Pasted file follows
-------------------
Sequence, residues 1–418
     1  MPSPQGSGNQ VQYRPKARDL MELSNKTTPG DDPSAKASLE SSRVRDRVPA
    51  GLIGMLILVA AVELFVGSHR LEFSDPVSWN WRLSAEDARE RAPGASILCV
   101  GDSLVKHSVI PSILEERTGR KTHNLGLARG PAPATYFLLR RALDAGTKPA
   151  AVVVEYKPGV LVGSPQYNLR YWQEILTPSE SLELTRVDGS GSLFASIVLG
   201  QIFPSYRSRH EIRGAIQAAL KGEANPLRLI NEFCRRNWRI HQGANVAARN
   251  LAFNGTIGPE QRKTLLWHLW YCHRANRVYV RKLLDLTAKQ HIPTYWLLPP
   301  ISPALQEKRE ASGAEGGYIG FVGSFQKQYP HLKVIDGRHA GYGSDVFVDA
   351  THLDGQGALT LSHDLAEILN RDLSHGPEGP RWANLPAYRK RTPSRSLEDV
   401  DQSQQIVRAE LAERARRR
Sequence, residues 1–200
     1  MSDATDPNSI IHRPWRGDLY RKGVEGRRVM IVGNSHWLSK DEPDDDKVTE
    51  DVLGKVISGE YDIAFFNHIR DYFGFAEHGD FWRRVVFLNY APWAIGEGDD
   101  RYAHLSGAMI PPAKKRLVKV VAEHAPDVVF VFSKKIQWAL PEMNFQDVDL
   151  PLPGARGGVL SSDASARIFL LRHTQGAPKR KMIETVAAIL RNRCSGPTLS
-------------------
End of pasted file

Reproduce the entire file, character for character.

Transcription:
Sequence, residues 1–418
     1  MPSPQGSGNQ VQYRPKARDL MELSNKTTPG DDPSAKASLE SSRVRDRVPA
    51  GLIGMLILVA AVELFVGSHR LEFSDPVSWN WRLSAEDARE RAPGASILCV
   101  GDSLVKHSVI PSILEERTGR KTHNLGLARG PAPATYFLLR RALDAGTKPA
   151  AVVVEYKPGV LVGSPQYNLR YWQEILTPSE SLELTRVDGS GSLFASIVLG
   201  QIFPSYRSRH EIRGAIQAAL KGEANPLRLI NEFCRRNWRI HQGANVAARN
   251  LAFNGTIGPE QRKTLLWHLW YCHRANRVYV RKLLDLTAKQ HIPTYWLLPP
   301  ISPALQEKRE ASGAEGGYIG FVGSFQKQYP HLKVIDGRHA GYGSDVFVDA
   351  THLDGQGALT LSHDLAEILN RDLSHGPEGP RWANLPAYRK RTPSRSLEDV
   401  DQSQQIVRAE LAERARRR
Sequence, residues 1–200
     1  MSDATDPNSI IHRPWRGDLY RKGVEGRRVM IVGNSHWLSK DEPDDDKVTE
    51  DVLGKVISGE YDIAFFNHIR DYFGFAEHGD FWRRVVFLNY APWAIGEGDD
   101  RYAHLSGAMI PPAKKRLVKV VAEHAPDVVF VFSKKIQWAL PEMNFQDVDL
   151  PLPGARGGVL SSDASARIFL LRHTQGAPKR KMIETVAAIL RNRCSGPTLS